Orderly Chaos — The best scheduling apps, organizers and tips for busy hockey families

Without an organized schedule, the hockey season can pass like a hurricane and leave your family feeling chaotic, stressed and unable to relish the experience of participating in one of North America’s favourite pastimes. However, by following a few simple tips and making use of one or two of the many great organizational tools available today, you’ll not only keep your busy schedule in check this hockey season, but your sanity too!


Tip 1: The first, and by far the most important, step in ensuring a smooth transition from the relaxed summer schedule to the busyness of minor hockey life is selecting the right scheduling tool for your family.

Some families work best with printed wall planners, such as Sandra Boynton’s Mom’s Family Calendar or Amy Knapp’s Big Grid Family Organizer. Each one comes chock-full of reminder stickers and space for important family information and phone numbers. These work best when kept in a common location so that each family member can keep track of commitments and modify calendar entries as needed.

Today, many families — especially those with older children or teens — opt for electronic scheduling devices, such as Apple’s iCal or Google’s free online calendar, which can easily be shared amongst family members and updated in real time. Additional bonus features include the ability to access schedules on the go, to sync the calendar with other desktop applications and to set customizable reminders — a huge plus for busy hockey families.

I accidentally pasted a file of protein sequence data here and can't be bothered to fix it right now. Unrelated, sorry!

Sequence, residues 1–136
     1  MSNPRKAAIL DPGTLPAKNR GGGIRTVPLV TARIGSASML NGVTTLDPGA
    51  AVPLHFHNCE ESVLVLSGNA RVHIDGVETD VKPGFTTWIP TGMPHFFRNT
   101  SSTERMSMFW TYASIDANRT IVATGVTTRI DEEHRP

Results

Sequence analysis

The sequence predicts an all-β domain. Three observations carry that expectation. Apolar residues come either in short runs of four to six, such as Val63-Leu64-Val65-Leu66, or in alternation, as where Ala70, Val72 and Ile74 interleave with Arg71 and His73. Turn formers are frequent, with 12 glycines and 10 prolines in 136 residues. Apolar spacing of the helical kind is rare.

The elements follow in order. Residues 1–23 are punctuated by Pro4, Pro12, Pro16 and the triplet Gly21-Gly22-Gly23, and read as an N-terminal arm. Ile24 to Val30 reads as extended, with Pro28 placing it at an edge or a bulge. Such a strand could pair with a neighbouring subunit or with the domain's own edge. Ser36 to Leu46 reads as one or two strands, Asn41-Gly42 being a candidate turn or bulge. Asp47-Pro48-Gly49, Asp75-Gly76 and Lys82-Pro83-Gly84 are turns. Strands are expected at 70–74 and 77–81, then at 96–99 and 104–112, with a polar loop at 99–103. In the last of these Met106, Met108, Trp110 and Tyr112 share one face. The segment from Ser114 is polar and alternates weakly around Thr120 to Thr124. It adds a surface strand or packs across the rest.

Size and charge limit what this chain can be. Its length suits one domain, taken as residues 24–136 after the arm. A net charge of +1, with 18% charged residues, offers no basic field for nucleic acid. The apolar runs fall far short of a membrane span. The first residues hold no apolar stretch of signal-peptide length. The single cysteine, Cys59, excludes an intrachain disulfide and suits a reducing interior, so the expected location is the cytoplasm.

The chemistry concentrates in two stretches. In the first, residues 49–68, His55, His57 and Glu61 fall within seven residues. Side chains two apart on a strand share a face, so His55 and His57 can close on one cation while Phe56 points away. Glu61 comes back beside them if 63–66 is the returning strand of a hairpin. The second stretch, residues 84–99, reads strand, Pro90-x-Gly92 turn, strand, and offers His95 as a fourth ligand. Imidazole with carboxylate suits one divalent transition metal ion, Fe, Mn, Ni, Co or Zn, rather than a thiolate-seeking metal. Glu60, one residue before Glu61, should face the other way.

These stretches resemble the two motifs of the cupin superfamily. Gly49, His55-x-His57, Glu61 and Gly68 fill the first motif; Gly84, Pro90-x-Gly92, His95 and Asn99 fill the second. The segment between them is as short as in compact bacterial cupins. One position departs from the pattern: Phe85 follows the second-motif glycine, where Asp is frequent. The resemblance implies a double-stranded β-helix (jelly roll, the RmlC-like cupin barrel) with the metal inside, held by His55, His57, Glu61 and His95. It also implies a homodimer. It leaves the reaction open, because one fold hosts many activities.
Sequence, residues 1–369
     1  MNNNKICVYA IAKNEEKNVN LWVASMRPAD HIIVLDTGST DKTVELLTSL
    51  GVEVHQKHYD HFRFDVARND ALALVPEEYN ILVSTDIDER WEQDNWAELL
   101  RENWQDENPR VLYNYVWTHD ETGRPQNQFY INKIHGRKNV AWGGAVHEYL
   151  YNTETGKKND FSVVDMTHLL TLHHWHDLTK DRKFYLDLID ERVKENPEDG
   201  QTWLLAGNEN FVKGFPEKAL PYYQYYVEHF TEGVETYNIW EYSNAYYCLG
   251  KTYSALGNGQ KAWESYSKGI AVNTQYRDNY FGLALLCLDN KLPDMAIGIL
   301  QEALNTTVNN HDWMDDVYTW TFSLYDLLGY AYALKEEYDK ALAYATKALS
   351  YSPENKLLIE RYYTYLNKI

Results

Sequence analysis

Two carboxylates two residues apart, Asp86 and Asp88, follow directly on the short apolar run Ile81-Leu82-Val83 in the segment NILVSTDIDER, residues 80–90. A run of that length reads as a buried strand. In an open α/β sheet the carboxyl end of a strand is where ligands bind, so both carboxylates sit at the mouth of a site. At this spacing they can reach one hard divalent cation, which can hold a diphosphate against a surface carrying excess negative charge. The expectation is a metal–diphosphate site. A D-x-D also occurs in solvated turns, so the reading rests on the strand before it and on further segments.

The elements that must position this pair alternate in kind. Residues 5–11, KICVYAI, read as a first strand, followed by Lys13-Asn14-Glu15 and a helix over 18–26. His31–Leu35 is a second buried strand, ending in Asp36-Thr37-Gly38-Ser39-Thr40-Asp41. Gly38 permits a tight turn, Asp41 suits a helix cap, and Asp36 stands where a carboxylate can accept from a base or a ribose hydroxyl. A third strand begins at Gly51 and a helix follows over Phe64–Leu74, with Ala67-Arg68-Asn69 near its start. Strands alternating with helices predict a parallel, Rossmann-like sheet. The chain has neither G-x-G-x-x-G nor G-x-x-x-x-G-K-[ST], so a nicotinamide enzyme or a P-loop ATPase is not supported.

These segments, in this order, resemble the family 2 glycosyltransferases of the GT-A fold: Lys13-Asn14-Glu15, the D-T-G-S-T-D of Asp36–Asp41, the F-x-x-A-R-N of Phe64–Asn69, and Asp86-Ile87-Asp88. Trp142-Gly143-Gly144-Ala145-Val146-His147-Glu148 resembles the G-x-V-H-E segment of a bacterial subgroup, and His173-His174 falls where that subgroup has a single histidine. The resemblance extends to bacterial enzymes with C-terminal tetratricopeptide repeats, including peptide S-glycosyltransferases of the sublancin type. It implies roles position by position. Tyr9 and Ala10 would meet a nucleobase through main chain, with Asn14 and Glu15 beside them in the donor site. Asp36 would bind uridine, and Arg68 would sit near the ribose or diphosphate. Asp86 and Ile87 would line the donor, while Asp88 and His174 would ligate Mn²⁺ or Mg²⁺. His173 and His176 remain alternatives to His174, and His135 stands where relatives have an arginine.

If you use choose to use more than one calendar (no matter what the format), be sure to reconcile all of them on a weekly basis.

Tip 2: Prioritize. As things come up, identify which items are necessary and which can be delayed. Assign a specific time in your weekly calendar to take care of your to-do lists. A fabulous tool to help you stay on top of day-to-day activities is Remember The Milk, a web-based application (app) that enables you to prioritize multiple tasks with an easy-to-use colour-coded system.